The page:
• Log in with the default credentials of “admin” and password of “admin”. You can change it after the initial login. The next step is to set it up with the Sync Gateway dashboard
  • A default “Couchbase Sync Gateway” dashboard called dashboard.jsonnet is available in the source repo as a jsonnet file.
  • The next step would be to add “Prometheus” as the “Data Source” and import the “Sync Gateway dashboard” JSON file that was generated earlier. You could do this manually by following the menu options. We have simplified this process and provided a script that will do all that for you!
    First, ensure that Grafana service is running on port 3000. Run the script from the root of your cloned repo using the command below by running make on the grafana-dev target. This does the following:

    • Regenerates the dashboard.json dashboard from the dashboard.jsonnet file
    • Uses Grafana API to add Prometheus as a data source
    • Uses Grafana API to load the dashboard.json generated in the previous step

Viewing Grafana Stats

  • Once the script successfully executes, you should refresh the Grafana web UI on your web browser. You will see the “Couchbase Sync Gateway Dashboard” in the list of available dashboards. The dashboard graphs all the stats reported by Sync Gateway. You can customize the dashboard.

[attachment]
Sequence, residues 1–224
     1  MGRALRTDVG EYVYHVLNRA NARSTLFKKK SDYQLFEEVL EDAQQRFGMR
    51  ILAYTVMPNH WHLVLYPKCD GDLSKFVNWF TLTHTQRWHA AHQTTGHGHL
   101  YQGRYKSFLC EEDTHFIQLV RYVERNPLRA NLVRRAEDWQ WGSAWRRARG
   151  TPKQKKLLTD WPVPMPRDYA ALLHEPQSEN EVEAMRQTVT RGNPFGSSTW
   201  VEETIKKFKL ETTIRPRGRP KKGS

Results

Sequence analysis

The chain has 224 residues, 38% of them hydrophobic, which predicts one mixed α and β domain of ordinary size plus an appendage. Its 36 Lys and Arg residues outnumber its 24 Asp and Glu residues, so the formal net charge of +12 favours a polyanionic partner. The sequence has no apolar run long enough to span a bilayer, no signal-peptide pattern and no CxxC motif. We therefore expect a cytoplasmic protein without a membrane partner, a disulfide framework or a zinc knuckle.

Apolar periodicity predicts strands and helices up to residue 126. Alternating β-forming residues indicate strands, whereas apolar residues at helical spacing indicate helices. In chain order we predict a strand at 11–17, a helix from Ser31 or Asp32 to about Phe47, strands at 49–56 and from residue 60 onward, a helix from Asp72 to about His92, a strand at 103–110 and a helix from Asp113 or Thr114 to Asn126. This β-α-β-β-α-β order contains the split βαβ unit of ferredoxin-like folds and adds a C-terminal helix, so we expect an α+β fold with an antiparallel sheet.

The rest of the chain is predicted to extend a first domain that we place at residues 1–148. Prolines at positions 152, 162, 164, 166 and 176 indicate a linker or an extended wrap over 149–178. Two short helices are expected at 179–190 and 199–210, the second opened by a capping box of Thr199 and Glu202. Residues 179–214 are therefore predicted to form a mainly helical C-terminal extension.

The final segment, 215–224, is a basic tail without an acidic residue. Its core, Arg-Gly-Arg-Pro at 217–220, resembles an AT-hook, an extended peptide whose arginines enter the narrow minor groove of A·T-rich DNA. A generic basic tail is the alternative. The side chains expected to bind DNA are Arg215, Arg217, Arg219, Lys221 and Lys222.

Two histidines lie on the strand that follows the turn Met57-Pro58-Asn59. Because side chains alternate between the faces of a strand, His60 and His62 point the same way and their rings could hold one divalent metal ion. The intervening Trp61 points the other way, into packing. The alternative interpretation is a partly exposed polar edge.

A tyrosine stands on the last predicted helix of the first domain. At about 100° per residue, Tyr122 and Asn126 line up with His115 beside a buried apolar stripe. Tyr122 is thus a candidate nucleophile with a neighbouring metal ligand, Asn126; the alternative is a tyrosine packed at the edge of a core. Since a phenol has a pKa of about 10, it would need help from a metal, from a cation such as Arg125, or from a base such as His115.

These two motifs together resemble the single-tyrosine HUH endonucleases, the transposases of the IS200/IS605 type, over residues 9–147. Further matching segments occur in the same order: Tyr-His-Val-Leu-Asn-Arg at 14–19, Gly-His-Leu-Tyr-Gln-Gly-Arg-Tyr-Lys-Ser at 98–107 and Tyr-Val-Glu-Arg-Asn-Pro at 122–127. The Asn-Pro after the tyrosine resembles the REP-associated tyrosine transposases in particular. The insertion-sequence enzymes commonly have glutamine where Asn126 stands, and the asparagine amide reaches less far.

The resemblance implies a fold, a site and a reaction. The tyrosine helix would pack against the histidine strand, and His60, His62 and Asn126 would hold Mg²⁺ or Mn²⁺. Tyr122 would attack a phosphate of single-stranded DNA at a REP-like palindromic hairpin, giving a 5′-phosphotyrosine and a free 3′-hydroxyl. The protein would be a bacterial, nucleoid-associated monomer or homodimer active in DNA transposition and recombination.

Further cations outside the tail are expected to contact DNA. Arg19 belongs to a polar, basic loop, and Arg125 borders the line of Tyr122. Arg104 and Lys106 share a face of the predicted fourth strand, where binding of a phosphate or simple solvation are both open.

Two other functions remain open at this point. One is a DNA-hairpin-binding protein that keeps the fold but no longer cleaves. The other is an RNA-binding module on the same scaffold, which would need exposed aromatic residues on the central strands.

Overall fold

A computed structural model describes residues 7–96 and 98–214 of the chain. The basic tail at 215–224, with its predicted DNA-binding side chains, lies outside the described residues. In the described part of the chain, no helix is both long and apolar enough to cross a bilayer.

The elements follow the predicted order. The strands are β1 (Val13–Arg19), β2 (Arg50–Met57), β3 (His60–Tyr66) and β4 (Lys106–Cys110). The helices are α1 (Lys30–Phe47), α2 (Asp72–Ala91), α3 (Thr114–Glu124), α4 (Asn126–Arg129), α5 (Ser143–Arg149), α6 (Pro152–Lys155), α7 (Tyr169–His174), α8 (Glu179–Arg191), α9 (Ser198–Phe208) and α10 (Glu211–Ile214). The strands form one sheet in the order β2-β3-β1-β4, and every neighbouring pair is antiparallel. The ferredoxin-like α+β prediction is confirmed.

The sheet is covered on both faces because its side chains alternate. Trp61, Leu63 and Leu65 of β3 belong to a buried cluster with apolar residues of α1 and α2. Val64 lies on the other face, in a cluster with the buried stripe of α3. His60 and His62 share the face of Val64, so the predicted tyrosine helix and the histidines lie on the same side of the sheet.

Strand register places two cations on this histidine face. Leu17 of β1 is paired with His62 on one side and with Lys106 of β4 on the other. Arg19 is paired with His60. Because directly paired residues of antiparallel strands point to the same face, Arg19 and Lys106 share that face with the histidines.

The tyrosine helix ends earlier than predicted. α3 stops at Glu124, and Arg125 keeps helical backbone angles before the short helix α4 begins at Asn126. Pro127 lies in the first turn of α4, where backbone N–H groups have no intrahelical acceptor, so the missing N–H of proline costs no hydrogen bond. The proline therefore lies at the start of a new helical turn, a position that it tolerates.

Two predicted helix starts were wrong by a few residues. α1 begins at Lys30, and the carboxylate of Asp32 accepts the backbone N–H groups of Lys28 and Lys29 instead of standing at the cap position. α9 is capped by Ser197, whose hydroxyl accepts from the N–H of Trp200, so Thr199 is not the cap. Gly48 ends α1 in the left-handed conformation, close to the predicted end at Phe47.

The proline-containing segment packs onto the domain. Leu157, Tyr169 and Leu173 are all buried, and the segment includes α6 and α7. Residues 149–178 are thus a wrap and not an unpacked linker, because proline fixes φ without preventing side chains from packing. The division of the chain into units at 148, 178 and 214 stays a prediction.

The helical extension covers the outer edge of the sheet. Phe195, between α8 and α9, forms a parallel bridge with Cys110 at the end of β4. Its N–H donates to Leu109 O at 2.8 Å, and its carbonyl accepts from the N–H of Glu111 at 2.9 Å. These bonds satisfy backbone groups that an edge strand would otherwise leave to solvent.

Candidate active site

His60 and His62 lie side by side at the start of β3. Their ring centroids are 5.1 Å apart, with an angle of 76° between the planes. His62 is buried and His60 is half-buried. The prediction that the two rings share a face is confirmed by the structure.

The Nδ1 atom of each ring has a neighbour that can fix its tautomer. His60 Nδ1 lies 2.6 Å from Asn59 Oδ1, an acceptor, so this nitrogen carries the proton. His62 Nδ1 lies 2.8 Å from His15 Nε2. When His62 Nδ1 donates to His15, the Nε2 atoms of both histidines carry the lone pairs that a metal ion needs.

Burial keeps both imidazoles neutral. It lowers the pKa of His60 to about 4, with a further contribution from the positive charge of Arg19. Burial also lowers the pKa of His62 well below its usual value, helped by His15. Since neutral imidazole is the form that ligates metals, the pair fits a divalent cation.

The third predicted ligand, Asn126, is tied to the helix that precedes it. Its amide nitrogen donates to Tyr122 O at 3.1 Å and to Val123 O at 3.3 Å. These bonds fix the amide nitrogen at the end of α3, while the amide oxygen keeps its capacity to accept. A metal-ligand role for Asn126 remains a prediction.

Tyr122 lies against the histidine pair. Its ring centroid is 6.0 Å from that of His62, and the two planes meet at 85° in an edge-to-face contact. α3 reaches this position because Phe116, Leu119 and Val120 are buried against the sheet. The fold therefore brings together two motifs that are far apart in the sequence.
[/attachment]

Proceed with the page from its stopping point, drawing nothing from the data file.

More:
• Click on the “Couchbase Sync Gateway Dashboard” to see the stats. You can filter it by Sync Gateway (if you have more than one) or database

That’s it! You have successfully set up monitoring of Couchbase Sync Gateway Kubernetes with Prometheus. You can now drive replications with Couchbase Lite clients and monitor them.

The default Sync Gateway dashboard is a starting point. You can customize the dashboard, either by editing the dashboard.jsonnet file or directly through the Grafana UI.

What’s Next

Prometheus is well suited for monitoring Kubernetes deployments. By using the Sync Gateway Exporter, you can export Sync Gateway stats to Prometheus and visualize them using visualization tools such as Grafana. This vastly simplifies the monitoring of your Couchbase Mobile clusters.

In addition to the Exporter, we have provided a default Grafana dashboard that you can customize. In addition to customizing the dashboard itself, you can also customize the rules for alerts.

For questions or feedback, please leave a comment below. Or feel free to reach out to me on Twitter @rajagp or email priya.rajagopal@couchbase.com.  The Couchbase Forums are another good place to reach out with questions.


I would like to thank Carlos Becker for his work on building the first version of the Sync Gateway Exporter.



Posted by Priya Rajagopal, Senior Director, Product Management

Priya Rajagopal is a Senior Director of Product Management at Couchbase responsible for developer platforms for the cloud and the edge. She has been professionally developing software for over 20 years in several technical and product leadership positions, with 10+ years focused on mobile technologies. As a TISPAN IPTV standards delegate, she was a key contributor to the IPTV standards specifications. She has 22 patents in the areas of networking and platform security.